They once made a movie about the SARS outbreak in Toronto called Plague City
In 2005, CTV produced a made-for-TV movie dramatizing Toronto’s 2003 scrape with a new kind of virus – Plague City: SARS in Toronto. Long forgotten, watching it in 2021 is both infuriating and depressing.
For those who don't remember that far back, SARS (Severe Acute Respiratory Syndrome) was first identified in early 2003 during an outbreak that began in China and spread to 4 other countries, including Canada, where it really took hold in Toronto with 438 cases and 44 deaths. Outside of Asia, Toronto was the place hardest hit by the virus.
Plague City follows the crisis as it unfolds through the eyes of a nurse (Kari Matchett), chronicling the heroism of the front-line health care workers as the deadly virus begins to spread in Toronto hospitals and later the community.
Oscillating between the sombre tone of a medical drama and a frenzied soap opera, the movie highlights the failure of both the provincial and federal government’s reaction to the mounting crisis.
We see as the government push back against scientific modelling, how consideration of business is prioritized over safety, and the work of local contact tracers is constantly confounded.
The more things change….
One year after Covid-19 turned the world upside down, all of this may seem very quaint, but in 2003 it was pure science fiction.
Debates about wearing masks, whether to shut down restaurants and the essential role of contact tracing are just a few of the subjects in Plague City that will have contemporary viewers wishing for the good old innocent days of 2003.
The action covers the first 75 days of the SARS scare, starting with patient zero (scratched by a civet cat) in Guangdong China, and ending with the World Health Organization reversing their Toronto travel alert in the spring of 2003. Many liberties are taken with what really happened.
Strangely, the movie mixes composite characters and fictional locations with real Toronto lore.
So, while we see news footage of Mel Lastman, Toronto Star newspapers, TTC logos and Lloyd Robertson on TV, the action unfolds at “Toronto Memorial Hospital” and there is a Toronto news network inexplicably called 6CVD.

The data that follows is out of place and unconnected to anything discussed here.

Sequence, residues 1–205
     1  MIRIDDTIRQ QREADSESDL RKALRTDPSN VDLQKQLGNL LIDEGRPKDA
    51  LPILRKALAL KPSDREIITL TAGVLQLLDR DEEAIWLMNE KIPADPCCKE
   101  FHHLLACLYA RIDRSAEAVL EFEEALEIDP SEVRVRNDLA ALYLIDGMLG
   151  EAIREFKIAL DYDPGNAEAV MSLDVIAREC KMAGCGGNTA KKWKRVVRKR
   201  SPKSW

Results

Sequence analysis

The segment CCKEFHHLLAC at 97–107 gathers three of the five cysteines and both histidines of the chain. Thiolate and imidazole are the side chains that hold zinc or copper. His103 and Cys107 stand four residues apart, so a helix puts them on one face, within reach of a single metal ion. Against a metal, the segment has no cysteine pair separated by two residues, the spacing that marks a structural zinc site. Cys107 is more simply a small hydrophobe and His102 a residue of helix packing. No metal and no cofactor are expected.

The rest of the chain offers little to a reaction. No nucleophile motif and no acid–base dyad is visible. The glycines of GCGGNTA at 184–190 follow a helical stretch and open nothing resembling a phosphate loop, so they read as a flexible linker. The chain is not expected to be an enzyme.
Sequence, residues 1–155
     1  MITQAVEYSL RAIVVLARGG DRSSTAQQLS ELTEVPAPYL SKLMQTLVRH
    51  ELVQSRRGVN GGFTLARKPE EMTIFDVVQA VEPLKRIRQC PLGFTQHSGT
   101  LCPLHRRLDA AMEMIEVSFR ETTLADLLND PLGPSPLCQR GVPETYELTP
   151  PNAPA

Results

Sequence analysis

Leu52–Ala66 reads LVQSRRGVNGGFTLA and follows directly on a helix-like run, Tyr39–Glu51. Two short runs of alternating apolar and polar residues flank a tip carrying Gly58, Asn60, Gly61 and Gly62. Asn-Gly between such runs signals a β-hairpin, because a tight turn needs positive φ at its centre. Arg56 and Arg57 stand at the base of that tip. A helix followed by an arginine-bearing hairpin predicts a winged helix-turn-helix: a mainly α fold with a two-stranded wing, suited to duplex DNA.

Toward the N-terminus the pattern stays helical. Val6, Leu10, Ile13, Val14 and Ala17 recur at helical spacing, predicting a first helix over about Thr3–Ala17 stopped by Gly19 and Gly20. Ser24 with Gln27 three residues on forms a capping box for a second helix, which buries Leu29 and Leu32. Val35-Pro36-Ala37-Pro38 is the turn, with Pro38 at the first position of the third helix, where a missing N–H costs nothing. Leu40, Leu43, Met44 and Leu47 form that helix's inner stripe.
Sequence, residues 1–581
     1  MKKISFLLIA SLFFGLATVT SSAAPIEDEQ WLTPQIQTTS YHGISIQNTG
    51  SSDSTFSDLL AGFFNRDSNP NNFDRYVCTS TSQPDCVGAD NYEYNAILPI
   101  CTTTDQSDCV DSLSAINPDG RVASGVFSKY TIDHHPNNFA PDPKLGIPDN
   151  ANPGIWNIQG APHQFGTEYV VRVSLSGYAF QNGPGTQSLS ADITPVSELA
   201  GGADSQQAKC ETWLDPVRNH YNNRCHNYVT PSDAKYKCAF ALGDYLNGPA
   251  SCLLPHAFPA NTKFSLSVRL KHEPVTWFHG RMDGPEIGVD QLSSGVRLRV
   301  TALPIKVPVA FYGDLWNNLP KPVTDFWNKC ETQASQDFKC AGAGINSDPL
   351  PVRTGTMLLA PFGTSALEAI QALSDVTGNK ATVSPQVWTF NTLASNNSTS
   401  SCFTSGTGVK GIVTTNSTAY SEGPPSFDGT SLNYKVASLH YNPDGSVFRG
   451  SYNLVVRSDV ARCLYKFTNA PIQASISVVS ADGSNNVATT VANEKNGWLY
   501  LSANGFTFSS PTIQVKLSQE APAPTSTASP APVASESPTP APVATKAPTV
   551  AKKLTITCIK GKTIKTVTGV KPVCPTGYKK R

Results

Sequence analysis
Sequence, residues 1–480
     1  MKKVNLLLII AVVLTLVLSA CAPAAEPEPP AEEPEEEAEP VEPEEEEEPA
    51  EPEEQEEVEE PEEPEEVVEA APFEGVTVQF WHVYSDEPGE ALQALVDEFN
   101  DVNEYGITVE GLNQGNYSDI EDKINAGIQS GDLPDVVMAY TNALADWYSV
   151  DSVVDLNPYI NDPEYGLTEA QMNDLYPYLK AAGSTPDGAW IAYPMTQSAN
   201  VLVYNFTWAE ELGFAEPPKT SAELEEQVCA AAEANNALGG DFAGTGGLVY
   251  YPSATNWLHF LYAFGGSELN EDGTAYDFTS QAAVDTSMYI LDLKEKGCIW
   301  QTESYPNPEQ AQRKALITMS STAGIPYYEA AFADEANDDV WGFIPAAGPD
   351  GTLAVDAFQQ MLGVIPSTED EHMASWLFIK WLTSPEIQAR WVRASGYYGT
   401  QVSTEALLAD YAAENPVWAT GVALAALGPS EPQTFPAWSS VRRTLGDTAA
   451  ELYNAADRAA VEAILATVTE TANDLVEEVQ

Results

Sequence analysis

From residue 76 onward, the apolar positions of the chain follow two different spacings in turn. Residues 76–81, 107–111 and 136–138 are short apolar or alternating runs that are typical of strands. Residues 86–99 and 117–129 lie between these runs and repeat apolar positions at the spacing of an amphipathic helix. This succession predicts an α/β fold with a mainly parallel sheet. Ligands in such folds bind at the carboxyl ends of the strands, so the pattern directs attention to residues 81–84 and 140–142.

Plague City was directed by David Wu, a Hong Kong editor best known for his work on some of John Woo’s greatest action films (Hard Boiled, Bullet in the Head).
Unfortunately, the action here is mostly limited to people coughing on each other, while the schmaltz is cranked up to laughable levels when a funeral for a minor character features slow-motion black and white flashbacks set to Sarah McLachlan’s maudlin anthem “Angel.”
Just prior to the premiere in May 2005, producer Jon Slan told Starweek magazine, “It will happen again. It may not be SARS and it may be even more deadly. There are lessons to be learned from the Toronto experience. That’s justification enough for Plague City.”
It was reported that when the Covid-19 virus began making headlines in early 2020, Steven Soderbergh’s Contagion (2011) was being illegally downloaded an average of 18,000 times a day. While Contagion is a far superior movie, it is a shame that Plague City has been almost completely forgotten.
Despite its failings, it does sound the alarm of things to come and highlights the role Toronto might play on the global stage should that happen (it did, and we didn’t).
As a side note, it also remains a mystery as to why Toronto’s colourful recent history does not translate into dramatically compelling films. Run This Town (2019) managed to make the sordid Rob Ford saga boring and was completely revisionist.
Although released on DVD in 2006, Plague City has yet to materialize on any streaming service and is strangely absent from CTV’s Crave. It was recently uploaded to YouTube but may be gone by the time you read this:
Watching Plague City now is a complete exercise in frustration for many reasons, but the story of Toronto’s brave health care workers battling SARS in 2003 is a story that deserves wider recognition, at the very least.
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